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Colloque Medecine et Recherche of La Fondation Ipsen: "Diabetes, Insulin and Alzheimer's Disease".

PARIS -- The 24th Colloque Medecine et Recherche of La Fondation Ipsen dedicated to the Alzheimer series which was hold in Paris on April 6, 2009 and entitled "Diabetes, Insulin and Alzheimer's Disease". Although the molecular pathology of Alzheimer's disease (AD) is now fairly well understood, the reasons that people develop this and other neurodegenerative diseases in older age are still very unclear. In recent years, a strong association has emerged between metabolic dysregulation and the development of dementia, with insulin as the linking factor.

The increasing prevalence of obesity and type 2 diabetes world-wide as populations become more affluent, more sedentary and over-fed already poses a huge public health problem of morbidity, cardio-vascular disease and stroke. When the increased likelihood of developing AD or other neurodegenerative conditions leading to dementia are added to this mix, the prospects are grim indeed. However, the insulin connection also brings with it new possibilities for therapeutic interventions that can both protect against these diseases, ameliorate cognitive decline and slow down progression.

The meeting has been organised by Suzanne Craft (University of Washington School of Medicine, Seattle, USA) and Yves Christen (Fondation Ipsen, Paris), and a panel of other 11 experts from Europe and the USA reviewed the evidence for this association, the possible mechanisms and the implications for the treatment of Alzheimer's disease. Therapeutic options have been discussed including simple dietary measures and other life-style changes (Cole, Torres-Aleman), nasal administration of insulin and insulin sensitizers (Craft), enzyme inhibitors or modulators (Kahn; Alkon; Lovestone), regulation of corticosterone (Stranahan) and of leptin and serotonin (Gerozissis). The insights that the insulin connection may bring look like providing an important advance in understanding, preventing and perhaps treating Alzheimer's and related conditions.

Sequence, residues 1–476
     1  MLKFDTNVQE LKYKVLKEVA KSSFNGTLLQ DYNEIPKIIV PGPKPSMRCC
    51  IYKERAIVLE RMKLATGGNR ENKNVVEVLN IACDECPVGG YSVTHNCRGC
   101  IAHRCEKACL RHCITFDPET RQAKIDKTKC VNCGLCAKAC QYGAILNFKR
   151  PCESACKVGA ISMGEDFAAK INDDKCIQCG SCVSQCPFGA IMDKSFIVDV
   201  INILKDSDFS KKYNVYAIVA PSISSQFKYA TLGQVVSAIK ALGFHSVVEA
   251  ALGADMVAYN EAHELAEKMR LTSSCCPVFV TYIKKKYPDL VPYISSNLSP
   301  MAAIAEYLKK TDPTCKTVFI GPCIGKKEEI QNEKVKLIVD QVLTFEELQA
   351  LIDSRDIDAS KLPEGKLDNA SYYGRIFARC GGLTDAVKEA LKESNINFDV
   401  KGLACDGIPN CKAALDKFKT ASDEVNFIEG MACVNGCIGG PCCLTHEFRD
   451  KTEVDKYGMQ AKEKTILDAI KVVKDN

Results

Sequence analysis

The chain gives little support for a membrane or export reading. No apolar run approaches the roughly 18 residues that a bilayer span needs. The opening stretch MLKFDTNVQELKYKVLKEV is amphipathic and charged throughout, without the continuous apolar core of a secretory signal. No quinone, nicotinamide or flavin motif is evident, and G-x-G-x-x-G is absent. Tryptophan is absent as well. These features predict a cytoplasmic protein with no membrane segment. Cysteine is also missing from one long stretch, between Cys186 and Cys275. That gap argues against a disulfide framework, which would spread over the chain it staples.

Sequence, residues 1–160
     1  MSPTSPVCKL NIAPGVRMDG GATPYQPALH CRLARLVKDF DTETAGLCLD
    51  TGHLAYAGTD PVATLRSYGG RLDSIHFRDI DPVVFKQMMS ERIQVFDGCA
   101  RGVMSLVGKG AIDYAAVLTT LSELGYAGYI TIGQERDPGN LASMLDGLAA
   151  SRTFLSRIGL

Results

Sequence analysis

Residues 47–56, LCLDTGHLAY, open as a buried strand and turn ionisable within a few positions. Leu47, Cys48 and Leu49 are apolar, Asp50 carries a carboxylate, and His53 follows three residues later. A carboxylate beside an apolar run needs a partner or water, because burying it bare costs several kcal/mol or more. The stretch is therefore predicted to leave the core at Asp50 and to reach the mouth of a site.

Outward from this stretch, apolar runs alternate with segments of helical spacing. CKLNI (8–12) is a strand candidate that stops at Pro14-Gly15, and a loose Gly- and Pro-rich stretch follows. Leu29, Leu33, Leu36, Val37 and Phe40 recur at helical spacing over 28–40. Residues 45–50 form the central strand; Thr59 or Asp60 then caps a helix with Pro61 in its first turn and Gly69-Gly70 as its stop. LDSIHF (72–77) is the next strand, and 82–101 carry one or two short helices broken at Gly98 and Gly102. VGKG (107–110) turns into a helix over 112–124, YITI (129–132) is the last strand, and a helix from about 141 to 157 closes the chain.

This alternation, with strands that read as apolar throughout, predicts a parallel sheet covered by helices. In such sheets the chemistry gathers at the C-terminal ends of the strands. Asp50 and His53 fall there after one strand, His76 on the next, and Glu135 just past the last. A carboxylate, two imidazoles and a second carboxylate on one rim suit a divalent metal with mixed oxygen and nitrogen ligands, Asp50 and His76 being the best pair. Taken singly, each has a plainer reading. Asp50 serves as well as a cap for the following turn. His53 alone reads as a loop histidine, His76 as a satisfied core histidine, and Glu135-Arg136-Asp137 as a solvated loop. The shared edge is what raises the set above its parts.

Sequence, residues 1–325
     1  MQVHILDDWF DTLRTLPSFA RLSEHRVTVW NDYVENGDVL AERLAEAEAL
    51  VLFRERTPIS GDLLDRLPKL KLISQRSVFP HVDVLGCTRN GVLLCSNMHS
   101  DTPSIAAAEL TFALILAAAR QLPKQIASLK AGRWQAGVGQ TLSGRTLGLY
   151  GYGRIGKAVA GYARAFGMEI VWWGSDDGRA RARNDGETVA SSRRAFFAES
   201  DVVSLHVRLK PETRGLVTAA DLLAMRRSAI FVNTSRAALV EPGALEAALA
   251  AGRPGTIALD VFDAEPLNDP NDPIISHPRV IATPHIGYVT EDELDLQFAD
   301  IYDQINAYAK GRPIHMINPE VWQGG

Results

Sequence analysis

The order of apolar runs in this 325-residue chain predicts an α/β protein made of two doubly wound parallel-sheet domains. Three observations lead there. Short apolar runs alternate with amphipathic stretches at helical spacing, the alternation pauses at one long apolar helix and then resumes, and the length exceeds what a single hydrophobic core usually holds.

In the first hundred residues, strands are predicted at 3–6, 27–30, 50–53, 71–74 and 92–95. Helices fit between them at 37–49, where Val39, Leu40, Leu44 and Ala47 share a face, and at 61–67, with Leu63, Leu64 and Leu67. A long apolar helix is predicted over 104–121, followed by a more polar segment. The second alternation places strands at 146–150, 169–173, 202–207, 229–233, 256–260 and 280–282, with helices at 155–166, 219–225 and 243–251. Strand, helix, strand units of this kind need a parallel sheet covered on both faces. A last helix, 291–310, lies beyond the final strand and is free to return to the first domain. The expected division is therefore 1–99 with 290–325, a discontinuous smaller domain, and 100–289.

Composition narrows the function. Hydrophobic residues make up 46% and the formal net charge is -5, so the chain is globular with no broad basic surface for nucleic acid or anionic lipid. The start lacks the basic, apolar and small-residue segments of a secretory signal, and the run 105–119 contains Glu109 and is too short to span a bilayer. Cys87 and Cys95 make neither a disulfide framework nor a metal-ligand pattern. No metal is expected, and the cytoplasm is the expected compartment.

Insulin, produced by the pancreas, is the key hormone for regulating blood glucose levels and therefore plays a crucial role in the control of metabolism. A strong link has been established between obesity, high levels of circulating glucose and type 2 diabetes, in which the insulin receptors stop recognizing the insulin signal (Jose A. Luchsinger, Columbia University Medical Center, New York, USA). A prevalence of mild cognitive decline in patients with type 2 diabetes and evidence for brain atrophy (Geert Jan Biessels, University Medical Center Utrecht, Utrecht, The Netherlands) focussed attention on a possible link with the neurodegenerative diseases, especially those, like Alzheimer's, that lead to dementia. Epidemiological studies have recently established obesity and type 2 diabetes as risk factors for AD (Luchsinger; Lenore J. Launer, Laboratory of Epidemiology, Demography, and Biometry, NIH, Bethesda, USA).

The regulation of metabolism is complex and multi-facetted. Like many other hormones, insulin is also active in the central nervous system: insulin receptors are widespread, and evidence is accumulating that insulin is involved in both the central regulation of energy balance and the metabolism of glucose and lipids. Particularly in the hypothalamus and the hippocampus, insulin converges with metabolic, endocrine and neural signals that regulate food intake, energy and glucose homeostasis (Kyriaki Gerozissis, INSERM UMR 7059 CNRS, Universite de Paris 7, Paris, France).